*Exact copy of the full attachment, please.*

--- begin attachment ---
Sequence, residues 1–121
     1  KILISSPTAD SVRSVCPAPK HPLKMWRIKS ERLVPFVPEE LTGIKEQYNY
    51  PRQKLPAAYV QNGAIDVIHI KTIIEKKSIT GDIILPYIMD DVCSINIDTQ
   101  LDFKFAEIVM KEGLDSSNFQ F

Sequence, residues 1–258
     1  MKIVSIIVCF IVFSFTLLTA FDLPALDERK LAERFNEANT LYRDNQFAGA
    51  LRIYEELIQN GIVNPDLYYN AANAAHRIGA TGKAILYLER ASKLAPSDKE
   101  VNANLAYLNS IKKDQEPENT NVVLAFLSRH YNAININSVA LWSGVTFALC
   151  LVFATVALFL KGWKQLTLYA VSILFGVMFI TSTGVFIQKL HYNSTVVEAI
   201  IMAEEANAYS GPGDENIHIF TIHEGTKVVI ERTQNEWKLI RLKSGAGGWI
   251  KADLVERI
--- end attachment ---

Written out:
Sequence, residues 1–121
     1  KILISSPTAD SVRSVCPAPK HPLKMWRIKS ERLVPFVPEE LTGIKEQYNY
    51  PRQKLPAAYV QNGAIDVIHI KTIIEKKSIT GDIILPYIMD DVCSINIDTQ
   101  LDFKFAEIVM KEGLDSSNFQ F

Sequence, residues 1–258
     1  MKIVSIIVCF IVFSFTLLTA FDLPALDERK LAERFNEANT LYRDNQFAGA
    51  LRIYEELIQN GIVNPDLYYN AANAAHRIGA TGKAILYLER ASKLAPSDKE
   101  VNANLAYLNS IKKDQEPENT NVVLAFLSRH YNAININSVA LWSGVTFALC
   151  LVFATVALFL KGWKQLTLYA VSILFGVMFI TSTGVFIQKL HYNSTVVEAI
   201  IMAEEANAYS GPGDENIHIF TIHEGTKVVI ERTQNEWKLI RLKSGAGGWI
   251  KADLVERI